Great excitement prevailed here today in consequence of a small sloop, laden with flour and provisions, being picked up about five miles inside the mouth of Fraser's river, - the boat burned to water's edge.  There were three men on board who were supposed to be killed by Indians.  It appears two men were down the river yesterday morning hunting, when they discovered the sloop on shore and burning.  They pulled towards her and found one man not quite dead on board, and two on the beach dreadfully mangled.  They immediately came here with the wounded man, who died as they were removing him from the boat at Scott's wharf, and without being able to tell how the massacre occurred.  Mr. Scott acquainted Col. Moody with the facts, who promptly informed him that a detachment of twenty men and boats would be immediately dispatched to the scene of murder, to discover the murderers, if applied for by the magistrate.  The magistrate was in doubt whether he had power to act; but would consider it. the people were indignant, and ten men at once volunteered to capture the Indians, the supposed murderers or accessories.  They accordingly proceeded up the river and arrested five Indians.  The civilians were disposed to execute summary justice on one Indian, but the magistrate and soldiers arriving four of the Indians were taken to the barracks, - and one held in custody at Mr. Scott's house.  Great credit is due to Mr. Scott for his exertions to capture the authors of this diabolical outrage.  And it is hoped that if the crime is brought home to the Indians that such an example will be made of them as will strike terror into the hearts of the savages.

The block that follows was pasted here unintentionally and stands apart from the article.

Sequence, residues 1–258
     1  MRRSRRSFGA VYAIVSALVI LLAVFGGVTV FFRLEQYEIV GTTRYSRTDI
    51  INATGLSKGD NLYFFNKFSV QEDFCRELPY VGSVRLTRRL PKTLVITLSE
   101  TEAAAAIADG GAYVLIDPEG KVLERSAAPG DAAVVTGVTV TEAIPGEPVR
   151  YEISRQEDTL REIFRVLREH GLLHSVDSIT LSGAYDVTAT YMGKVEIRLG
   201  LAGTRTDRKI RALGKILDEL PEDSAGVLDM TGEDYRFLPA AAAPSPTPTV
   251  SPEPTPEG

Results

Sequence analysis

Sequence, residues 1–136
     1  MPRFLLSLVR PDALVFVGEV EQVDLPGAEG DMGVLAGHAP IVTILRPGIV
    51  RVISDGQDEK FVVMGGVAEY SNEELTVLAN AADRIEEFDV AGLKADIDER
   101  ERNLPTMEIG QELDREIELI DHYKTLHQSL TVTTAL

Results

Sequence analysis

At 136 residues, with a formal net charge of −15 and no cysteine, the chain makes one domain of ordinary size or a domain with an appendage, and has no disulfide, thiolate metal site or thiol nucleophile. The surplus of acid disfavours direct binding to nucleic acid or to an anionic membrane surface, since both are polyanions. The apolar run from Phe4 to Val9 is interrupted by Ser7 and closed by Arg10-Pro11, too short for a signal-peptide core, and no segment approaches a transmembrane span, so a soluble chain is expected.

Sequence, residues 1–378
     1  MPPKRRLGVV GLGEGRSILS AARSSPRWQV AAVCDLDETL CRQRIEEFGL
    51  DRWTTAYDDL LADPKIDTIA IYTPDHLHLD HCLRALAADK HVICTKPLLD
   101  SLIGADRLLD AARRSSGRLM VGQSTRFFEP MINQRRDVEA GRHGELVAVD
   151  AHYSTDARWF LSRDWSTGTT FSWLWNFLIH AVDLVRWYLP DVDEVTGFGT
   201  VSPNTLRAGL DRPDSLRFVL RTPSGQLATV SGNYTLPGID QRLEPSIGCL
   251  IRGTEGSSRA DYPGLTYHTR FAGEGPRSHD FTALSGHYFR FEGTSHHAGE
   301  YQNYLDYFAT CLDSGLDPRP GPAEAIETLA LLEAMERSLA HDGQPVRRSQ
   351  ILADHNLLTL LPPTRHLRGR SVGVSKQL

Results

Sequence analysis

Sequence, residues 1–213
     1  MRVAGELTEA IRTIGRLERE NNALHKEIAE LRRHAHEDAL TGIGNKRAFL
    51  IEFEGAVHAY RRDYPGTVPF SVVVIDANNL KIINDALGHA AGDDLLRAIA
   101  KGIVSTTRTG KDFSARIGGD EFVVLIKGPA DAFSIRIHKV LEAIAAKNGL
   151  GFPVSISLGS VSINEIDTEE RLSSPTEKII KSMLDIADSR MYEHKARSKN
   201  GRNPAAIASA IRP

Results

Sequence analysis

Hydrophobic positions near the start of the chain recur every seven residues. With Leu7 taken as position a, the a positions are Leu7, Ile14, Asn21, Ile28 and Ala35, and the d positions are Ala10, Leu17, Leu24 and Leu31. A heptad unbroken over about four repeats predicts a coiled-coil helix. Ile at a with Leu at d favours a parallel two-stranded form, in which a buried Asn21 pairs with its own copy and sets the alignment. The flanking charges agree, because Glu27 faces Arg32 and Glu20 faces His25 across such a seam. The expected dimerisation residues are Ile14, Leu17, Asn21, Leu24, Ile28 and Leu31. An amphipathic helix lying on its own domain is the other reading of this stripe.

- 31st October, 1859
The British Colonist


The names of the Italians murdered near the mouth of Fraser river, are Giovani Nice and Sebastiano Artisi.  The other murdered man was an American.  They purchased their beans and flour from Mr. Vignolo, Johnson Street.

- 11th November, 1859
The British Colonist